The ethical quandary of supporting two teams

The ethical quandary of supporting two teams

There’s a point that all addicts reach known as the moment of realisation. The point when amidst the mental fog a sudden ray of sunshine breaks through to provide clarity. Mine came a few months ago.

It was cold, it was wet and it was dark. I was sitting in my car, eating one of the few sandwiches that a nearby Greggs had left to offer at the end of the day. Perhaps worst of all, I was in Coventry. I went to roll my car forward into the space that had opened up in front of me, only to hear the dreaded whine-whine-thud of my dilapidated Ford’s battery attempting – and then failing – to start the engine.

With the prospect of a long, uncertain night stretching out in front of me, I turned to reflect on what it was that had brought me to such a wretched hive of scum and villainy. It wasn’t Bolton Wanderers, the club I’ve followed since age 10, through what I’d like to call thick and thin. I was there at landmark European moments like hosting Marseille and at several of our customary victories over Arsenal during the Sam Allardyce era. I was also there when we didn’t so much lose our nerve as drop it to the bottom of the ocean like the woman in Titanic in the FA Cup semi-final against Stoke when we got thumped 5-0. Instead, I was there for Walsall Football Club.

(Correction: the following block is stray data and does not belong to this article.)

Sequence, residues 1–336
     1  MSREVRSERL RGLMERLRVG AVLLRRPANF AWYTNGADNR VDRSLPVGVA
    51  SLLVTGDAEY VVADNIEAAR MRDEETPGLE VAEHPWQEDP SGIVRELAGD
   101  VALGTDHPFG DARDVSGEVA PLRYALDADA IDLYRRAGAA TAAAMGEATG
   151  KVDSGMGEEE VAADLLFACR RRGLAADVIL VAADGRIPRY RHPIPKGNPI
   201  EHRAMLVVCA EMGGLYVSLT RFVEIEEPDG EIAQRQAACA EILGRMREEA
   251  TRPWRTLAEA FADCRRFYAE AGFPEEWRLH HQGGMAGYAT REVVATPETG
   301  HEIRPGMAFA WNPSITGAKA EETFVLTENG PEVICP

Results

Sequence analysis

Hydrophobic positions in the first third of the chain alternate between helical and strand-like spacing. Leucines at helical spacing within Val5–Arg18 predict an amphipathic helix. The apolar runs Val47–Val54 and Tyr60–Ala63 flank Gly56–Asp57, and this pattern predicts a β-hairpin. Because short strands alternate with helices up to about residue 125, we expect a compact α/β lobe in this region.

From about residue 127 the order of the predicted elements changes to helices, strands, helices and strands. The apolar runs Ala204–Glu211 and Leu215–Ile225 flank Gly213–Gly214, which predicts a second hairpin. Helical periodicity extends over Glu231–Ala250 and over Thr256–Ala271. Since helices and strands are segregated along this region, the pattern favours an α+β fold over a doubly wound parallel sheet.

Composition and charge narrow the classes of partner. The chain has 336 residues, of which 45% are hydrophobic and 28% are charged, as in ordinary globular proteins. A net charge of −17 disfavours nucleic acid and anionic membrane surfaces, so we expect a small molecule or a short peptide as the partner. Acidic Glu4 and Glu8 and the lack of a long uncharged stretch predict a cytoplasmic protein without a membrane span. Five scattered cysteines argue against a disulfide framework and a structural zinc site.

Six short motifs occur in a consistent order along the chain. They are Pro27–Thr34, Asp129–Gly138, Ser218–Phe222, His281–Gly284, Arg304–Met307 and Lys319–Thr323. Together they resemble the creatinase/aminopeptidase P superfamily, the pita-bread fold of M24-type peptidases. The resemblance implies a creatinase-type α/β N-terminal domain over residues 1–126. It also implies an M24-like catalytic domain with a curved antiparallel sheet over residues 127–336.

However, gradually I’ve found myself getting pulled into the vortex of the Bescot Stadium black hole. It started perfectly innocently. I agreed to go to games with a firmly anthropological intent; Louis Theroux casting his wry gaze across the masses in the Tile Choice stand, documenting the lives of the average Walsallite. Naturally, when they scored, I cheered; I told myself that this was purely an evolutionary survival mechanism, that not doing so would alert the pack to my alien presence and raise suspicions about my covert mission.

I was in denial. Soon, it was a quick song here, an expletive hurled at the referee there. That was about two seasons ago, and it’s escalated from there. Cursory checks of the Bolton score (or, more accurately, how heavily they were losing) became less frequent when I was at a Walsall game. The heartache of every Bolton lose gradually became more mitigated by a positive result for the Saddlers.

As fate would have it, one of the few televised Bolton games this season fell on the same day that Wanderers failed to pay their players, the first truly telling indication of the financial peril that the club found itself in. Their opponents were Brentford, who had just poached Walsall’s (relatively) long-time manager Dean Smith. Having been ensconced in a bubble of work all day I’d missed both pieces of news, and when they were delivered in tandem just before the kick-off, I wasn’t sure which bothered me more.

My feelings of guilt have only been exacerbated by Bolton’s dramatic decline in recent times. Having repeatedly punched above their weight under the brilliant guidance of Allardyce and briefly threatened to continue the trend the season after he departed by beating the mighty Atlético Madrid and reaching an FA Cup semi-final in 2011. That tie – a 5-0 defeat to a mediocre Stoke City side – provided a graphic, absolute turning point of the team’s fortunes. Relegation from the Premier League followed the season after, and three seasons of toil in the Championship has now led to the same sorry conclusion. Leaving Bolton now would be like abandoning a relative who’s just found out they’re dying.